The United States reported 19,453 COVID-19 deaths in seven-day period ending Wednesday, the first time deaths were under the 20,000 mark in more than a month, a USA TODAY analysis of Johns Hopkins University data shows.
Deaths peaked at 23,541 in the week ending Jan. 14.
Cases in the United States have fallen to less than half of what they were in last month’s peak, and deaths follow case trends. But even with the declines, cases and deaths remain at high levels. The United States is still reporting more than 1 case every second, and cases are being reported about three times faster than they were in the relative lull before the fall surge. Deaths are still being reported four times faster.
In 2021 alone, the United States has reported more than 7.2 million new cases and 124,485 deaths.
– Mike Stucka
In the headlines:
►New York has been the U.S. leader in COVID-19 deaths since March 19 of last year, but California may soon take the top spot. California is reporting about 300 deaths per day more than New York. The current totals: New York reports 45,312 deaths, and California reports 45,167, according to a USA TODAY analysis.
►Researchers at the Scripps Research Institute, Tulane University, LSU Health Shreveport and several other institutions said in a pre-publication report that 2020 Mardi Gras was responsible for tens of thousands of coronavirus cases after a single person likely brought it to New Orleans.
►The World Health Organization is recommending that the vaccine developed by AstraZeneca and the University of Oxford should still be used in countries where new variants of the coronavirus are circulating, even as South Africa halts use of the vaccine due to ineffectiveness.
►Two cases of a COVID-19 variant first found in South Africa have been identified in the Bay Area, the first cases of the variant in California, Gov. Gavin Newsom said.
►Mexican regulatory authorities granted approval for the use of two Chinese coronavirus vaccines — Coronavac made by Sinovac and another made by CanSino.
►About 1 in 3 Americans say they definitely or probably won’t get the COVID-19 vaccine, according to a new poll that some experts say is discouraging news if the U.S. hopes to achieve herd immunity and vanquish the outbreak. Many expressed doubts about the vaccine’s safety and effectiveness.
📈 Today’s numbers: The U.S. has more than 27.2 million confirmed coronavirus cases and 471,400 deaths, according to Johns Hopkins University data. The global totals: More than 107.3 million cases and 2.35 million deaths. More than 65.9 million vaccine doses have been distributed in the U.S. and about 44.7 million have been administered, according to the CDC.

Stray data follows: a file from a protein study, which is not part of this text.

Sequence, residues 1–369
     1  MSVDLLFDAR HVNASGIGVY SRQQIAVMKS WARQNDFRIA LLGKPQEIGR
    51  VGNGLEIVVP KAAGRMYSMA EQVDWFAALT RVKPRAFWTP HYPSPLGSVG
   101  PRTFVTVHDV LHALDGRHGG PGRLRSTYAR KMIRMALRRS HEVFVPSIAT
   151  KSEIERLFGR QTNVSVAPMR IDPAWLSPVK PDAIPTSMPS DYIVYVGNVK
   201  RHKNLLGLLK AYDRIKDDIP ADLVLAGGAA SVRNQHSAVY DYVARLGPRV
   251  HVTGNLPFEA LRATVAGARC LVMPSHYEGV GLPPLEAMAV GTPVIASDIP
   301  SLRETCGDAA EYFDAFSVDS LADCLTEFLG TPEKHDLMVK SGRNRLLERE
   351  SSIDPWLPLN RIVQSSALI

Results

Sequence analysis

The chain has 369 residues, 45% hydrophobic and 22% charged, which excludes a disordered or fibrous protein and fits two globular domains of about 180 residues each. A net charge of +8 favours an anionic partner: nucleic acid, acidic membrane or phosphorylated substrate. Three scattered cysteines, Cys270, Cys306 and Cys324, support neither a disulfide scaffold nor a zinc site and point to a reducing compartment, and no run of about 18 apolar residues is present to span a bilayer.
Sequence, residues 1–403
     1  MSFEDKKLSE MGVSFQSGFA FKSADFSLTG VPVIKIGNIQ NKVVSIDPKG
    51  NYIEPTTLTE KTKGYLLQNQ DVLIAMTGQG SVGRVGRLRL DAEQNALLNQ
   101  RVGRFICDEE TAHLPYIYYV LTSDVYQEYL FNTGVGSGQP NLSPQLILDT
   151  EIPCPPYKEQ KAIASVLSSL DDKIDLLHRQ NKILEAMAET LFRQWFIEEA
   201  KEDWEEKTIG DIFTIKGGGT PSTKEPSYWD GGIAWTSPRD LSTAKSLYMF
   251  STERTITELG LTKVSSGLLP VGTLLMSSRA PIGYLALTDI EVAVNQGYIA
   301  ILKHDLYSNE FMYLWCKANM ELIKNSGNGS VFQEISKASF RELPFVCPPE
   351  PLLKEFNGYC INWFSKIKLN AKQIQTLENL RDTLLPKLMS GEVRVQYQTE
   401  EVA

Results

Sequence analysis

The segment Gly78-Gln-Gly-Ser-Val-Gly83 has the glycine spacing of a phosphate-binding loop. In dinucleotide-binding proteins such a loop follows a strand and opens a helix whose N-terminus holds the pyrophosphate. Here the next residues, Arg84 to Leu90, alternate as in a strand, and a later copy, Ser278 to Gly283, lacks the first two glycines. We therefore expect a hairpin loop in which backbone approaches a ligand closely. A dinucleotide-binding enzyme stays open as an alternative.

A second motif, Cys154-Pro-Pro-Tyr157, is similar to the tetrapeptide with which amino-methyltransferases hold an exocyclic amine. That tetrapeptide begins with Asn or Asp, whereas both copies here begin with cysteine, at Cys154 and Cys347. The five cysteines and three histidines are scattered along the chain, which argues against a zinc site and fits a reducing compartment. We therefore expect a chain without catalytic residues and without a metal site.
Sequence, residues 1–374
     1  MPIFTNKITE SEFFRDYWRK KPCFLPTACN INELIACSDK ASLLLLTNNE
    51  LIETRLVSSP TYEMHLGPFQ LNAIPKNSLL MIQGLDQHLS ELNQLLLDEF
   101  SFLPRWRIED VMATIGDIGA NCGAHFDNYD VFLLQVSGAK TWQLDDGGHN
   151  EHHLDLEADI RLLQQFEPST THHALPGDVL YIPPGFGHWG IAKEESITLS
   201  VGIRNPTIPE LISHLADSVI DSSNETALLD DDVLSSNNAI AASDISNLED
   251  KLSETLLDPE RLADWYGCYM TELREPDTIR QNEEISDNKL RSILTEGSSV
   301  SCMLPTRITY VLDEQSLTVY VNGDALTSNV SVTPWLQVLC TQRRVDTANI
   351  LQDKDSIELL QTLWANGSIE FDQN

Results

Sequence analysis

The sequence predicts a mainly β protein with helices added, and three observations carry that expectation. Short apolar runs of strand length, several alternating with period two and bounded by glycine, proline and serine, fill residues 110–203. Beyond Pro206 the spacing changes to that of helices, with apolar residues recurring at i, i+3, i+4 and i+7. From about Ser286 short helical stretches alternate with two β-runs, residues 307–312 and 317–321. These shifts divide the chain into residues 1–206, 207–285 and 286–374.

📘 What we’re reading: How much rent relief will you get amid the COVID-19 pandemic? You’re more likely to get help if you’re white and live in rural America. Read the full story.
Los Angeles will temporarily close a majority of its vaccine sites on Friday and Saturday, including the megasite at Dodger Stadium, due to a shortage of shots. Mayor Eric Garcetti announced the move in a video conference Wednesday, saying the city, among the hardest hit by the pandemic, only received 16,000 doses this week from the federal government.
“That is down 90,000 from the week before,” he said. “That is unacceptable.” The city expects to use all available Moderna vaccines for first-dose appointments this week by Thursday.
The White House did announce three new mass vaccination sites at sports stadiums in Texas that could deliver a total of 10,000 shots per day. The sites in Dallas, Arlington and Houston will be operated by local health officials supported by federal troops starting Feb. 22. The action comes days after the National Football League said it was working with public health officials to allow use of its stadiums for mass vaccinations, and Biden’s activation of the Federal Retail Pharmacy Program as part of the coronavirus vaccine effort, enabling distribution to retail locations throughout the country.
Ohio will add as many as 4,000 previously unreported COVID-19 deaths to the state’s tally during the next week after the Ohio Department of Health discovered errors in how coronavirus deaths are confirmed. Most of these deaths occurred in November and December, the agency said in a news release. State officials were still determining the cause of the problem but released some information Wednesday evening to be transparent, Gov. Mike DeWine’s spokesman Dan Tierney said.
“When there’s been issues, whether it’s spoilage with the vaccine or reporting issues like this, we’ve disclosed it to the public,” Tierney said.
Wearing a tight-fitting mask or a double mask can dramatically decrease exposure to and spread of COVID-19, a crucial defense against emerging new variations of the virus, the CDC reported Wednesday.
In lab tests with dummies, exposure to potentially infectious aerosols decreased by more than 90% when tight or double masks were used, the CDC said.
“Cases hospitalizations and deaths are still very high,” said Dr. Rochelle Walensky, head of the Centers for Disease Control and Prevention, at a White House coronavirus briefing. “Now is not the time to roll back mask requirements.”
The University of Massachusetts Amherst announced this week that the campus is now considered “high risk” and all students, whether in campus residences halls or in off-campus housing in the surrounding area, are directed to self-sequester. Students must stay in their residences except to get meals, undergo twice-weekly COVID testing, or to attend medical appointments.
At the University of California Berkeley, a self-sequester mandate was extended through least Feb. 15. The rate of new cases is declining, but a “significant” number of students remain in quarantine, the school said on its website. It is too early to be sure this current surge is contained, the school said.
Contributing: The Associated Press